Sixty-nine Israeli-American and American-Jewish youths from New Jersey, New York, Massachusetts and Washington, DC gathered at the World Trade Center this past week in a Shark-Tank-style hackathon in which they used Israeli Air Force flight simulators to design innovative therapeutic tools for teens.

The youths ages 12-17 participated in the “Israeli Top Gun East Coast Hackathon” as part of the Israeli-American Council (IAC) Eitanim entrepreneurship program. Eitanim empowers Israeli-American and Jewish-American teens nationwide with entrepreneurial and innovative skills through an Israeli mindset.

The hackathon took place over four days last week at World Trade Center Building Seven and at the Jacobs Technion-Cornell Institute on Roosevelt Island as part of a partnership with the campus. In collaboration with The Squadron (“Hatayeset”) and steered by former Israeli Air Force pilots, the competitors engaged with F-35 fighter jet simulators in a series of virtual flights and debriefings, learning to rapidly identify challenges, find solutions and quickly apply the lessons. Paired with a roster of Israeli-American business and technology leaders acting as mentors, the student teams competed to design Virtual Reality (VR) technologies that address common teenage challenges.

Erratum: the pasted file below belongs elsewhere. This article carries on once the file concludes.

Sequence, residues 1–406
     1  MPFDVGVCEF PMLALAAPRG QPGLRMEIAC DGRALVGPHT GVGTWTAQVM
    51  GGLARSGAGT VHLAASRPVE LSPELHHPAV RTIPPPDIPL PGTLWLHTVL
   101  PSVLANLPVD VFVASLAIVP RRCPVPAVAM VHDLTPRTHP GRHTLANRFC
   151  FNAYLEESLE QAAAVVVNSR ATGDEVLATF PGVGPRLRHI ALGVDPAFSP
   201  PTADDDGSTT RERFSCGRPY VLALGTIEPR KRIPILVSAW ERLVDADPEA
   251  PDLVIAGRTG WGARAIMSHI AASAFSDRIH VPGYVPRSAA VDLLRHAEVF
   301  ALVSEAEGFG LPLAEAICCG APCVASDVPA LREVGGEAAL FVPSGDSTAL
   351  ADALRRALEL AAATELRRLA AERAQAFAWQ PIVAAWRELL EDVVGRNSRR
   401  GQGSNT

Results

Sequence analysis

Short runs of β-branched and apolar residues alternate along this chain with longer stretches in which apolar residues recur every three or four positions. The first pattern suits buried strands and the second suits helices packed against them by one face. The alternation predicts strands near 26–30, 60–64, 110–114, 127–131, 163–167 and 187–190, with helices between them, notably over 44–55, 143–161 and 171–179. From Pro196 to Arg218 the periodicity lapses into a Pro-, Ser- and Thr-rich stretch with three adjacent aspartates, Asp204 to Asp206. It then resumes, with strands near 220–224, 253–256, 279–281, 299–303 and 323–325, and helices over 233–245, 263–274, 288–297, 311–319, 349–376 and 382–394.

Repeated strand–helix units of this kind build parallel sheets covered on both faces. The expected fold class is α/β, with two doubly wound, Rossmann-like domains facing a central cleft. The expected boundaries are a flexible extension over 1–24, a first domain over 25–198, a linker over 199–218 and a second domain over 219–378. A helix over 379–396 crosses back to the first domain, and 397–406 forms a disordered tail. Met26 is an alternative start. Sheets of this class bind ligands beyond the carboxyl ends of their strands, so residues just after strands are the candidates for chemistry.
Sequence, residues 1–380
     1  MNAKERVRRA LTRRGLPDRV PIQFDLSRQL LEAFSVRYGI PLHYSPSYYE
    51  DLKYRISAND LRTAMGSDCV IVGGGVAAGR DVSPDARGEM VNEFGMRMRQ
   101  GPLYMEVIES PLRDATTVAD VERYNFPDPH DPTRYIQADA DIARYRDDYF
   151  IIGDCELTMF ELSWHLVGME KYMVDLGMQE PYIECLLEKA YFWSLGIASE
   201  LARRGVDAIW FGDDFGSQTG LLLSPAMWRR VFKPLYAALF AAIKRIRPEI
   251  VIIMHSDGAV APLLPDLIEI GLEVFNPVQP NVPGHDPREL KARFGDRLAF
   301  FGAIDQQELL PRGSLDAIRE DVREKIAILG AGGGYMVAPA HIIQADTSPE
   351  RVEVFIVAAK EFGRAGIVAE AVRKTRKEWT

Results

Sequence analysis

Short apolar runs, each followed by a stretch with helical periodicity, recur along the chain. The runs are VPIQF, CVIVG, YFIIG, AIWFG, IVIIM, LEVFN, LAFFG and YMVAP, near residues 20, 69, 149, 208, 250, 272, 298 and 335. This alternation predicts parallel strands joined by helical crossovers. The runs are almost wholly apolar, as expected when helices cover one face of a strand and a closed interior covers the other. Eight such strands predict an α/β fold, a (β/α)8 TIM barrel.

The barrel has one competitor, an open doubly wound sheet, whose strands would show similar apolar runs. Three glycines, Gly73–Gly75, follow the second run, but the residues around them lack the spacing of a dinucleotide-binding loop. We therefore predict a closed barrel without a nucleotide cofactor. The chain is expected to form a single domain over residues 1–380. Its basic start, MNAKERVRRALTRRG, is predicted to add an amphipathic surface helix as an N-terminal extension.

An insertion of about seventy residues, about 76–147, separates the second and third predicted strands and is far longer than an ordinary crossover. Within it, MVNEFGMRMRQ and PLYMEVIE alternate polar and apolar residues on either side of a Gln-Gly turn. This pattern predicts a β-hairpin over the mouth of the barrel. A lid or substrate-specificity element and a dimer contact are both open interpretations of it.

Two teams of 11 students, both from New Jersey, invented the winning projects, as determined by a panel of adult judges. One team created a system merging VR and social media to boost teenagers’ motivation, in which teens conduct everyday tasks and achieve goals on VR and gain support on Instagram. The second winning team created a VR tool that uses exposure therapy, allowing users to safely confront activities that produce phobias such as elevators, heights, and social situations.

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